Wednesday, May 30, 2018

Comorbid Medical Conditions May Point to Patients Most Likely to Develop Treatment-Resistant Depression

It is well known that some patients with depression will fail to respond to medications, but clinicians currently have few ways to predict those most likely to develop treatment-resistant depression (TRD). If clinicians could predict whether patients who are diagnosed with depression for the first time would develop TRD, they could monitor these patients more closely and adjust treatment more quickly.

A retrospective cohort study published in Depression and Anxiety found that more than 10% of adults newly diagnosed and treated for depression developed TRD within a year. Those who developed TRD tended to be younger and more commonly present with fatigue, substance use disorders, anxiety, psychiatric conditions, insomnia, and pain than subjects with no TRD.

“When a health care provider sees a patient who is being diagnosed with depression for the first time, the presence of these characteristics could alert her/him to the possibility that the patient could develop TRD,” M. Soledad Cepeda, M.D., Ph.D., of Janssen Research & Development and colleagues wrote.

Cepeda and colleagues analyzed data contained in two U.S. health claims databases, focusing on adults who had received pharmacotherapy for depression between 2000 and 2016. To be included in the analysis, patients were required to (1) have filled a prescription for an antidepressant for the first time as indicated in the database, (2) appear in the database for at least a year before the index date (the date the first antidepressant prescription was filled), (3) have been diagnosed for depression for the first time within 60 days of the index date, and (4) be 18 years or older at the index date. The outcome of interest was a diagnosis of TRD (defined by authors as dispensing for one antidepressant and one antipsychotic or at least three distinct antidepressants) within a year after the index date.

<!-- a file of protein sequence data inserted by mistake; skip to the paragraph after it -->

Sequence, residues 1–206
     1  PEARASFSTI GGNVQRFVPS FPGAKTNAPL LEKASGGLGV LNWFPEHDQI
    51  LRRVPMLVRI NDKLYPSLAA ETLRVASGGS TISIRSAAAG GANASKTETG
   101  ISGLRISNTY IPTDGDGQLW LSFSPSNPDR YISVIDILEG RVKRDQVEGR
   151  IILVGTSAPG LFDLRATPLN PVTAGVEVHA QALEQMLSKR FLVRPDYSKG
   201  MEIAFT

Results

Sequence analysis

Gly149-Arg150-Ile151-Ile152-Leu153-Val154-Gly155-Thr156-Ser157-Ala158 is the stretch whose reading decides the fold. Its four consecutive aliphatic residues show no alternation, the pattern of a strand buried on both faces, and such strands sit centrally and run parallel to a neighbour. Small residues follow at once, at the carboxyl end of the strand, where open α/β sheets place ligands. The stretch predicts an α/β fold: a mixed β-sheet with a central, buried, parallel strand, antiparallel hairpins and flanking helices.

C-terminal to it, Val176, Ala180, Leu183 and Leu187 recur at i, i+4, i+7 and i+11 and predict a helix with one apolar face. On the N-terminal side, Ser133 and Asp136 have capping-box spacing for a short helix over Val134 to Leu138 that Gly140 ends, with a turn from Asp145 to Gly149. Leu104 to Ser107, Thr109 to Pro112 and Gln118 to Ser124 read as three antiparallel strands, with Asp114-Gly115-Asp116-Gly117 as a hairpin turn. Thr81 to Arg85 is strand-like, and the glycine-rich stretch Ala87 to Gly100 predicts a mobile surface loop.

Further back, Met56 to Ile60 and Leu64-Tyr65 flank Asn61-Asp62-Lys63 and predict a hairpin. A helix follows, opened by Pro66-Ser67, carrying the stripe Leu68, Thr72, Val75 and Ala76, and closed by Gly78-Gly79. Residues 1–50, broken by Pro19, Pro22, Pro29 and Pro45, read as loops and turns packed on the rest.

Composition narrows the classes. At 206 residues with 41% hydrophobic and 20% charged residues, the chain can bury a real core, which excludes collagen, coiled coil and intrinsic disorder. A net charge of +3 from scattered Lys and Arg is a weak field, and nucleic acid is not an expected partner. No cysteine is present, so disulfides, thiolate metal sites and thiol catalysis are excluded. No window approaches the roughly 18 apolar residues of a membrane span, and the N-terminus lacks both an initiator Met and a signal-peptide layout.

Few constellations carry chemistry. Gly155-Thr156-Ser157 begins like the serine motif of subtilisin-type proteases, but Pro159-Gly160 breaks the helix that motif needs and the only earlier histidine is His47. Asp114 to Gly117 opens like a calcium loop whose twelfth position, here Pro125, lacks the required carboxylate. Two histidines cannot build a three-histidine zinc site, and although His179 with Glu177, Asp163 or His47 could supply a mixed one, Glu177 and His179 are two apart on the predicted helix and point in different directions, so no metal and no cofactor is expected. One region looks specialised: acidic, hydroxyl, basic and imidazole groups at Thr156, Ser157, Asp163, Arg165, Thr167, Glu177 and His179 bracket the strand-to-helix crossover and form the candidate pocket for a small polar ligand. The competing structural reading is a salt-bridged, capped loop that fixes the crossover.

Of 230,801 patients included in the analysis, 10.4% developed TRD within one year. Patients who developed TRD were found to be younger at baseline (10.87% were between 18 and 19 years old versus 7.64% in the no‐TRD group, risk ratio [RR] = 1.42). Adults with TRD were also more likely to have an anxiety disorder (RR=1.38) and fatigue (RR=3.68) at baseline than those who did not have TRD.

“In addition to those factors predicting TRD, we found that the TRD group had more eating and attention-deficit disorders at baseline than the no-TRD group,” the authors reported. “We also found that compared to the no-TRD group, subjects who developed TRD had more pain diagnoses and insomnia at baseline or within 1 year before the diagnosis and treatment of depression.”

For related information, see the Psychiatric News article “Blood May Hold Secret to Biomarkers for Depression.”

(Image: iStock/AJ_Watt)


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